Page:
Is email marketing dead? Glance Roundtable

Is email marketing dead?

About 10 years ago, the marketing illuminati declared “email is dead.” It had run its course as a marketing tool. And then… it made a comeback! With so much noise on social media, a targeted email communication suddenly had a lot more value, and email was resurrected.

Over the past decade, marketers have used everything from email clients like Microsoft Outlook to sophisticated and integrated marketing automation platforms like Pardot to engage with clients via e-mail.

But in 2019, it seems email has once again lost a bit of its lustre as a marketing tool. Prospects and customers are too time-strapped, and too savvy, to put much stock into or even bother reading marketing emails.

Is it dying again — or dead? We asked the Roundtable this week for their thoughts on the future of email marketing.

It’s All About Segmenting and Targeting

Julie Ford: I wouldn’t say email as a whole is dead. It’s just changed. The days of buying large lists and blasting them with generic emails are gone. This has made email marketing a lot more challenging for marketers, but also more effective when done right.

In B2B specifically, email marketing works well when the target audience is segmented and the email content is directed to their specific challenges and needs. You may not email as many prospects using this approach, but the email performance will likely be higher.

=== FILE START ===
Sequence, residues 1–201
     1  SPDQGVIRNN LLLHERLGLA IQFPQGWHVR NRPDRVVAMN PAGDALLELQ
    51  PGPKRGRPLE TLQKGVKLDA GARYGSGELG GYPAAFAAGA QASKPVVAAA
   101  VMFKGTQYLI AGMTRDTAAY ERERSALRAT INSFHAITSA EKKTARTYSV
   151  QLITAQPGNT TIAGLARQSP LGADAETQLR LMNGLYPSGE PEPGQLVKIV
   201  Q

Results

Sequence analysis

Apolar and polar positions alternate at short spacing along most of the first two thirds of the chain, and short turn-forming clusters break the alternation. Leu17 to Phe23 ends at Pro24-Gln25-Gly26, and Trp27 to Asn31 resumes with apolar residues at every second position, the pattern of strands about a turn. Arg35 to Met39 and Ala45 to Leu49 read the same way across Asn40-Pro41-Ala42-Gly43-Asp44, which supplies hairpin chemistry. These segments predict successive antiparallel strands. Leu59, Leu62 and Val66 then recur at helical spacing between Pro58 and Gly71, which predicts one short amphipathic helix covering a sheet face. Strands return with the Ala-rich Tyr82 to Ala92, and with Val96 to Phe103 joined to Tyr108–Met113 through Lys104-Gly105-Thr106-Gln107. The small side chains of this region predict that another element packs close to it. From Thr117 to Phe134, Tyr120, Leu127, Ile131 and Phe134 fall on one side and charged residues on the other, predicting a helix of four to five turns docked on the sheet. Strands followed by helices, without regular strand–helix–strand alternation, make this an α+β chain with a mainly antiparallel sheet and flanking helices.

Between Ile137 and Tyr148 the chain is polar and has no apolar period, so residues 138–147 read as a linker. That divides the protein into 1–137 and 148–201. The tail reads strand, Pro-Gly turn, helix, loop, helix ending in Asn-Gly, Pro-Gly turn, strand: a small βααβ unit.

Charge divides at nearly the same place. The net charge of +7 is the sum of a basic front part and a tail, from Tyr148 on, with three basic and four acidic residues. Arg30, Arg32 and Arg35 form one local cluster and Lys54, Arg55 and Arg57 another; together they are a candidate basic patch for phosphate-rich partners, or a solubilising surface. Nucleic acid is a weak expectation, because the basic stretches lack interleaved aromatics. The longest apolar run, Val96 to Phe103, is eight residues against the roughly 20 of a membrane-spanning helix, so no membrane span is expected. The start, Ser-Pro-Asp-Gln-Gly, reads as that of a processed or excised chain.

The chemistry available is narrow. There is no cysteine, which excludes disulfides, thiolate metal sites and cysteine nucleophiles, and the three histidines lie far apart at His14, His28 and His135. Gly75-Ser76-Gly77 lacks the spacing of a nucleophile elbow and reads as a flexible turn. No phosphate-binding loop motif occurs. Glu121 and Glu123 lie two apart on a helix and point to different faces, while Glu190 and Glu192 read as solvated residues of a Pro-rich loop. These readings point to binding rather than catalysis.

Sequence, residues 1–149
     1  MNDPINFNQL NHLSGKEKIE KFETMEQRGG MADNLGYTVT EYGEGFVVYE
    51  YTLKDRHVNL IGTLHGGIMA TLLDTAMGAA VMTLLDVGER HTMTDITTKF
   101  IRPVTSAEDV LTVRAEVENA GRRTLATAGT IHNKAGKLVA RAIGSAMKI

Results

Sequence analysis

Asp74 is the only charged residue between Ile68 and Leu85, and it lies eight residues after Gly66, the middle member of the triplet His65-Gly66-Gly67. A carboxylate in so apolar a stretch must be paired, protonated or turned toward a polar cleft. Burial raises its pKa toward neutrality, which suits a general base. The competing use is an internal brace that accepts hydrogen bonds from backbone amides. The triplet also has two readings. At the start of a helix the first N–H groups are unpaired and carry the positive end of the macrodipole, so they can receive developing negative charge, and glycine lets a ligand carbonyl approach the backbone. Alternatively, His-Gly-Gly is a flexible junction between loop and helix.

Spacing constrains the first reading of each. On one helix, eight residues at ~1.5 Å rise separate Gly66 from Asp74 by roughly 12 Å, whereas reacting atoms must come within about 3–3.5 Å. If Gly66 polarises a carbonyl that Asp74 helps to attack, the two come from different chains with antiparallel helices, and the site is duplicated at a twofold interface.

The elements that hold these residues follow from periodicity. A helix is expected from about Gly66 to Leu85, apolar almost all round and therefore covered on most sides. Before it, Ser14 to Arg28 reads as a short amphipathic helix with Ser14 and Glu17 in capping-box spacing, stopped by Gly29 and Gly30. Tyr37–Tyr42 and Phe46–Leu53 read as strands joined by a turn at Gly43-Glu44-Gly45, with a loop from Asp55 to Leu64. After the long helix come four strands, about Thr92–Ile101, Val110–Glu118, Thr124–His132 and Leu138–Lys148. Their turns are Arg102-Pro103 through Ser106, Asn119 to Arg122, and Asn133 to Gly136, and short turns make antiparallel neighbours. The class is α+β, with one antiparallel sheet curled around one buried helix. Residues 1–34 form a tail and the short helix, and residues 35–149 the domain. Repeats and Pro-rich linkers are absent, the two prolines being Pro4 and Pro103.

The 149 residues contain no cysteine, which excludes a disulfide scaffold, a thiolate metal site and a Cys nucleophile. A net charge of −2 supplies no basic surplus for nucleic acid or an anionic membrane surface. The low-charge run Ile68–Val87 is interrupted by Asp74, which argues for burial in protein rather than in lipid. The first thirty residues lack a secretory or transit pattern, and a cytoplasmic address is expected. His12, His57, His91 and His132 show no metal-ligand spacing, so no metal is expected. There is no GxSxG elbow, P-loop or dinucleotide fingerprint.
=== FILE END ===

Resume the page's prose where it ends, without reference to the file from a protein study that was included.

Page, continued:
For example, I led a webinar for a B2B tech company recently. The email campaign to the company’s prospect list drove a higher number of registrants than out organic and paid social campaigns, and our sponsored email blasts via third-parties. Furthermore, the open and click-through-rates on the email that was sent the next day to the people who registered for the webinar but did not attend were the highest I’ve seen in any email campaign in a long time — at least 10 points above average. These results validate that email marketing can be effective when it’s relevant, time-sensitive and expected by the recipient.

Think quality over quantity, and put yourself in your recipients shoes when developing email campaigns and strategies throughout 2019.

And don’t buy lists!

“Set-it-and-forget-it” is Dead

Josh Kern: Julie and I are well-aligned on this one. I don’t think email is dead as a marketing tool, but I do think it’s time for the traditional B2B email newsletter to be put out to pasture.

Generic, “here’s a bunch of stuff you might like but really, we just want to remind you we exist” emails just seem like yesterday’s news. As marketers, we should be hyper-focused on providing personalized and relevant information anytime we send out a communication. We should never send out an email without asking ourselves, “will the people receiving this email find it truly useful?” If the answer is anywhere close to “no,” we shouldn’t be sending it.

When I think about the emails I receive, both at work and on the personal side, I ignore the general email newsletters but I gravitate to anything providing something practical and useful. For example, I occasionally get emails from one of the many SEO tools providers out there; they’re not on a regular schedule, but when they do come, it’s usually a new template to use, a new plug-in or tool, or a step-by-step how-to guide. Not every one of these emails is a winner, but they’ve provided enough value to have earned my trust.